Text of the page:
The San Antonio Spurs brought it back to the AT&T Center on Monday night, beating the Los Angeles Lakers 117-110 and getting Gregg Popovich his 1335th career win, tying Don Nelson for the most all-time in the regular season.
Dejounte Murray nearly had a 26-point triple-double, which we have come to expect from him now, but it was the first-year Spurs and other fairly new faces who kept the Spurs ahead for nearly the entire game.
In his Spurs’ debut, Romeo Langford was 3/4 from the field for seven points and drew a charge on Russell Westbrook, which was no doubt an intentional homage to Derrick White, who is third in the league with 21 charges drawn this season. His second basket in the Silver and Black was an authoritative jam. Hopefully, he brings some high-flying action to the Spurs moving forward.
The other piece of the Boston trade, Josh Richardson, went off for 18 points on 50% shooting, including a white-hot game-best 4/5 from behind the 3-point arc. He was visibly frustrating the Lakers’ defense, which is always a pleasure to see.
While Richardson and Langford brought the offense, they were minimally effective on the defensive end. Luckily, Josh Primo had a clutch block on Malik Monk in the waning minutes and Tre Jones went off on the defensive end for three steals and a block. If it weren’t for some sloppy transition offense, Jones might have had six steals, which would have been a career-best for the second-year guard.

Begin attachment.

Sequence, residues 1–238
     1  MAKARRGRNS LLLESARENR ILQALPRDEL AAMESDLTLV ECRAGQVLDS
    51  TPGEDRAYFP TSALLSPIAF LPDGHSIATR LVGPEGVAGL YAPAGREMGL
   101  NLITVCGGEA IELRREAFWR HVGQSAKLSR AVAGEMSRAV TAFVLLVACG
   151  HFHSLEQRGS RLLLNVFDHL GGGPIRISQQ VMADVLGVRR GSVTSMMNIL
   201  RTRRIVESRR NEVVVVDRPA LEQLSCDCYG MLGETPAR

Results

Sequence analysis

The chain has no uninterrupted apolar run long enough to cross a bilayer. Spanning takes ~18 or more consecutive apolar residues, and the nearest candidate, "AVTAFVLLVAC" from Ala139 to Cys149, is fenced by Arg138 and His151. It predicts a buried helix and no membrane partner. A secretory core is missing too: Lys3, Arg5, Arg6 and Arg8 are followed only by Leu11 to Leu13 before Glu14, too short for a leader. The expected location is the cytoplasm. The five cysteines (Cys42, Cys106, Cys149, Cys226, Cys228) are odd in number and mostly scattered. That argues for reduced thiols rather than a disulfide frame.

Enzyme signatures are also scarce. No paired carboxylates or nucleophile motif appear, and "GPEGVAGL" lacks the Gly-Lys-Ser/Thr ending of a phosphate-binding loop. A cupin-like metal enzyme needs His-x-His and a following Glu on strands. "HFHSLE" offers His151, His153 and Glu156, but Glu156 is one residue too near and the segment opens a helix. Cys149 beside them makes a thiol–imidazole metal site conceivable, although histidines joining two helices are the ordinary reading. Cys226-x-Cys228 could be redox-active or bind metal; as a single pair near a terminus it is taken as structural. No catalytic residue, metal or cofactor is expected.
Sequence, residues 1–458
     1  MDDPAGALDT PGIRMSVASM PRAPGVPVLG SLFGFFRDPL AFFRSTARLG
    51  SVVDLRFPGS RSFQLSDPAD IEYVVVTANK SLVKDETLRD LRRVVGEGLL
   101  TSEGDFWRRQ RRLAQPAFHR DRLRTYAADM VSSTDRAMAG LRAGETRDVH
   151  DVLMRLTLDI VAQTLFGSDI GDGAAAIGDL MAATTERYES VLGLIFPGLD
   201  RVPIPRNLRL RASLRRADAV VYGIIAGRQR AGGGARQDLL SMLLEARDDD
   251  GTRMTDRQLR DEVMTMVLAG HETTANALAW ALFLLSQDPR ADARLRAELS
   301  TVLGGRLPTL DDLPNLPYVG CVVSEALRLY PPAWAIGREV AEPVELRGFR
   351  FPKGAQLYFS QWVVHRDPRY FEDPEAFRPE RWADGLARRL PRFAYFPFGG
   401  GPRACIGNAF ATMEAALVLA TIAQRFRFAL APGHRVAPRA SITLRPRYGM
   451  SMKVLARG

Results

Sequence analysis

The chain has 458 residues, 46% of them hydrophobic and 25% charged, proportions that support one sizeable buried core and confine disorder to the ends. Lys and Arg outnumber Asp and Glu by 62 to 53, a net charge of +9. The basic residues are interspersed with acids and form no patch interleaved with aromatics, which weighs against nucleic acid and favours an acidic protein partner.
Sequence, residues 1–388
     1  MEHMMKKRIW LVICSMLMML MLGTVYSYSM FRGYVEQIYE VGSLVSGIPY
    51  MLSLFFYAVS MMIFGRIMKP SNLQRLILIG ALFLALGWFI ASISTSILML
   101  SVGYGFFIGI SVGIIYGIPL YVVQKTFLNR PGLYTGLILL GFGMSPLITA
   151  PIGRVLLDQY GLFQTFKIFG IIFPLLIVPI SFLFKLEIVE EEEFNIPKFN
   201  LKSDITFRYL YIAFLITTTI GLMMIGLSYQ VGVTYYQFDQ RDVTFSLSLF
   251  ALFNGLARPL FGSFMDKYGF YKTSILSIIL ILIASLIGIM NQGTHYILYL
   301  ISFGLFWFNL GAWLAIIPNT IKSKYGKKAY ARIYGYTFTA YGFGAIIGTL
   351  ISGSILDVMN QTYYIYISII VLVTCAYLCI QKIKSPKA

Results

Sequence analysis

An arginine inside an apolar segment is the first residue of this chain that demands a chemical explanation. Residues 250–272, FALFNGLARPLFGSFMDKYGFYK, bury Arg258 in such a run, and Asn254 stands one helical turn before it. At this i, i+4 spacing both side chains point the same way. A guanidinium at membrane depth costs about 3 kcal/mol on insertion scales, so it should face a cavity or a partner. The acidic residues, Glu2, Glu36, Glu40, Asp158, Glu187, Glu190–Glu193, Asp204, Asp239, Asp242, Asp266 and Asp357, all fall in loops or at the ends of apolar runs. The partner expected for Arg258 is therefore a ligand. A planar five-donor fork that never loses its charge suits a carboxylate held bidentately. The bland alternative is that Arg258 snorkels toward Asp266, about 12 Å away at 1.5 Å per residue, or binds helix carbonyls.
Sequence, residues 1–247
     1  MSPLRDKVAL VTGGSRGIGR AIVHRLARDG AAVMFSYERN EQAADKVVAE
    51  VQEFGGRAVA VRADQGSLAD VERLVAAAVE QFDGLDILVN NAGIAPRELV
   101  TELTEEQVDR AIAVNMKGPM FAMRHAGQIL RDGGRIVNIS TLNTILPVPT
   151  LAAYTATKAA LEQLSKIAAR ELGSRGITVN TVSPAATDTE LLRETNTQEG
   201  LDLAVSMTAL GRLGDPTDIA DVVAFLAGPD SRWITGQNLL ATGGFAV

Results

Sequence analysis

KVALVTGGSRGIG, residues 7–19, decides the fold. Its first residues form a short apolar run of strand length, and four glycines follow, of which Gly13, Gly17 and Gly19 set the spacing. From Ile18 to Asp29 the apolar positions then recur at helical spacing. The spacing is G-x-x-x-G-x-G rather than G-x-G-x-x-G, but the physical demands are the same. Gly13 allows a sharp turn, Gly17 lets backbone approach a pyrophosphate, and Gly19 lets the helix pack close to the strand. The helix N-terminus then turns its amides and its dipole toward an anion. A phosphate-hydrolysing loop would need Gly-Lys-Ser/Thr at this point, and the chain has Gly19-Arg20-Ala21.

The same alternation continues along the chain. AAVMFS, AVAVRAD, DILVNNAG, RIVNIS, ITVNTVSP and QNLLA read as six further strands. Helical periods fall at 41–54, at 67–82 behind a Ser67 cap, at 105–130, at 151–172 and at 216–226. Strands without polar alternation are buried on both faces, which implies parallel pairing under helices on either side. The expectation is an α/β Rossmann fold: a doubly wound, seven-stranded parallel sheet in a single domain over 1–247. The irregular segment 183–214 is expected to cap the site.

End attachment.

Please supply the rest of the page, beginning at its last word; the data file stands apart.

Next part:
Jock Landale also came up huge. In the first quarter, Jakob Poeltl got into some early foul trouble so Popovich was forced to sub in Collins and Landale. Landale is a less-than-amazing defender but came up with a put-back dunk and two blocks to allow Poeltl to catch a breather before he returned to the game.
Dejounte Murray was fantastic, of course. The All-Star guard had another insane two-way effort that almost resulted in another triple-double. As a team, the Spurs mostly played well, but free-throw shooting continues to baffle them. They shot 15/29 from the charity stripe. They got to the line a ton, but they simply couldn’t convert those easy points.
The Spurs also turned the ball over 16 times -- six times by Murray, which was uncharacteristic of him. The Lakers also lost the ball several times, and they just could not hit a shot to save their lives in the first half, which ultimately made the comeback impossible for them.
Popovich’s record-tying game was not a career-defining game for anyone, but it was a solid team win against a heavily depleted Lakers team. The ninth-seeded Lakers needed to win this game to keep the Pelicans at bay, and a win over a conference rival might help propel the Spurs into the play-in tournament, where they have several matchups that have the potential to be easy wins.
When Popovich goes for the record on Wednesday against Toronto, hopefully, that game is played with sound fundamentals and amazing defense and he can reach the top of the mountain the same way he started his climb -- with unstoppable team basketball.